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Transformable peptide nanoparticles arrest HER2 signalling and cause cancer cell death in vivo


Human epidermal growth factor receptor 2 (HER2) is overexpressed in >20% of breast cancers. Dimerization of HER2 receptors leads to the activation of downstream signals enabling the proliferation and survival of malignant phenotypes. Owing to the high expression levels of HER2, combination therapies are currently required for the treatment of HER2+ breast cancer. Here, we designed non-toxic transformable peptides that self-assemble into micelles under aqueous conditions but, on binding to HER2 on cancer cells, transform into nanofibrils that disrupt HER2 dimerization and subsequent downstream signalling events leading to apoptosis of cancer cells. The phase transformation of peptides enables specific HER2 targeting, and inhibition of HER2 dimerization blocks the expression of proliferation and survival genes in the nucleus. We demonstrate, in mouse xenofraft models, that these transformable peptides can be used as a monotherapy in the treatment of HER2+ breast cancer.

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Fig. 1: Transformable peptide nanoparticles can arrest HER2 signalling.
Fig. 2: Assembly and fibrillar transformation of transformable TPM1 BP-FFVLK-YCDGFYACYMDV.
Fig. 3: Morphological characterization of fibrillar-transformable NPs1 incubation with cultured HER2+ cancer cells.
Fig. 4: Extracellular and intracellular mechanisms of fibrillar-transformable nanoparticle interaction with MCF-7/C6 breast cancer cells.
Fig. 5: In vivo evaluation of fibrillar-transformable nanoparticles.
Fig. 6: Anti-tumour activity of fibrillar-transformable nanoparticles in Balb/c nude mice bearing HER2+ breast tumour.

Data availability

All data generated or analysed during this study are available in this published article and its Supplementary Information files or from the corresponding author on request.


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This work was supported in part by NIH/NCI (grant nos. R01CA115483, U01CA198880, R01CA199668 and R01CA232845), NIH/NIBIB (grant no. R01EB012569), NIH/NICHD (grant no. R01HD086195) and the National Natural Science Foundation of China (grant no. 51573101).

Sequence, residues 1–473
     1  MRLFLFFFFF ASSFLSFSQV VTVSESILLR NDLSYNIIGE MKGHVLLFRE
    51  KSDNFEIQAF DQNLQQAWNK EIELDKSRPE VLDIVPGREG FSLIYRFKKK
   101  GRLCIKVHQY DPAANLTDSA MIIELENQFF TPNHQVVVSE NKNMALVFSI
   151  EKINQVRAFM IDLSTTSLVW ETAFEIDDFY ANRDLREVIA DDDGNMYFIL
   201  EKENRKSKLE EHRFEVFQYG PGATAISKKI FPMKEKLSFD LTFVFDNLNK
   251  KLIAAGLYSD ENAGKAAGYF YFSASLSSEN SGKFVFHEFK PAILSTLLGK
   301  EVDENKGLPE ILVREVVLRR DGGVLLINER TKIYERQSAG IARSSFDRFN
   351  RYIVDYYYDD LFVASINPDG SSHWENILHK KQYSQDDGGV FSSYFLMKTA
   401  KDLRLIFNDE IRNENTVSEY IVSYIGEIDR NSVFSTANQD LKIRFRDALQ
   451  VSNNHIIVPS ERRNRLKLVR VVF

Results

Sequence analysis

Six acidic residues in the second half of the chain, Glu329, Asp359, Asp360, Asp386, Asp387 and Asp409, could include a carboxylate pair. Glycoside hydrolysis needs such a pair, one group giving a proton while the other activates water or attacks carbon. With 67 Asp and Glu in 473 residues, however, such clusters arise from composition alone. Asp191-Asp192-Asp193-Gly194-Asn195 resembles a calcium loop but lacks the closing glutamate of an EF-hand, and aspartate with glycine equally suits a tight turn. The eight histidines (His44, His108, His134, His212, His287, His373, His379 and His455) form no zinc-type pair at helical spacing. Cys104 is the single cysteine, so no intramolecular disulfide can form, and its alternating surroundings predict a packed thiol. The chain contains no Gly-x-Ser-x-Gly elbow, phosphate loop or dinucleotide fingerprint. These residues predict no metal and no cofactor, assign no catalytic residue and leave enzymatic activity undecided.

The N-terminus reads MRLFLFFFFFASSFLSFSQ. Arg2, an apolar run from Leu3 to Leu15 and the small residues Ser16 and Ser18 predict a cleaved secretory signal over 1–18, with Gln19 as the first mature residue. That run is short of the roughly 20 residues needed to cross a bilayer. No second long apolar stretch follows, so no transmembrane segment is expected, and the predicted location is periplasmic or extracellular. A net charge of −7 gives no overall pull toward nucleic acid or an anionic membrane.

Author information

Authors and Affiliations



K.S.L., L.W. and L.Z. conceived the idea and developed the project. L.Z. conducted all experiments and analysed data. Z.C. and T.R. assisted with chemical synthesis and data analysis. D.J., T.R., C.M.B, N.J. and D.Z. assisted with cell culture studies. D.J., W.X., Y.W., N.J. and Z.C. assisted with animal studies. J.J.L. provided MCF-7/C6 and 4T1/HER2 cell lines and the background knowledge on HER2+ breast cancer. Y.L. assisted with design and supervision of the research. K.S.L., L.W. and L.Z. co-wrote the paper and all authors commented on the manuscript. K.S.L. supervised the whole project.

Corresponding authors

Correspondence to Lei Wang or Kit S. Lam.

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Competing interests

The authors declare the following competing interests. K.S.L., L.Z., D.J. and L.W. are co-inventors of a pending patent on fibrillar-transformable nanoparticles. K.S.L. is the founding scientist of LamnoTherapeutics Inc., which plans to develop the nanotherapeutics described in the manuscript. The remaining authors declare no competing interests.

Additional information

Peer review information Nature Nanotechnology thanks Jinming Gao, Maurizio Scaltriti and the other, anonymous, reviewer(s) for their contribution to the peer review of this work.

Publisher’s note Springer Nature remains neutral with regard to jurisdictional claims in published maps and institutional affiliations.

Extended data

Extended Data Fig. 1 Figure 3b with the original points.

The viability of MCF-7/C6 cells after incubation with NPs1-4 at the different concentration for 48 h. Data are presented as the mean ± s.d., n = 3 independent experiments. The statistical significance was calculated via a one-way analysis of variance (ANOVA) with a Tukey post-hoc test. *P < 0.05, **P < 0.01, ***P < 0.001.

Extended Data Fig. 2 Figure 5b with the original points.

Observation of the tumour inhibition effect of mice in subcutaneous tumour model during the 40 days of treatment (n = 8 per group; the dose of NPs1-4 were 8 mg/kg per injection). Data are presented as the mean ± s.d. The statistical significance was calculated via a one-way ANOVA with a Tukey post-hoc test. ***P < 0.001.

Extended Data Fig. 3 Figure 5c with the original points.

Observation of weight change of mice in subcutaneous tumour model during the 40 days of treatment (n = 8 per group; the dose of NPs1-4 were 8 mg/kg per injection). Data are presented as the mean ± s.d.

Extended Data Fig. 4 Figure 5j with the original points.

Observation of the tumour inhibition effect in subcutaneous BT474 HER2 positive breast cancer models during the 40 days of treatment (n = 6 per group; the dose of NPs1-4 were 8 mg/kg per injection). Data are presented as the mean±s.d. The statistical significance was calculated via a one-way ANOVA with a Tukey post-hoc test. ***P < 0.001.

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Zhang, L., Jing, D., Jiang, N. et al. Transformable peptide nanoparticles arrest HER2 signalling and cause cancer cell death in vivo. Nat. Nanotechnol. 15, 145–153 (2020).

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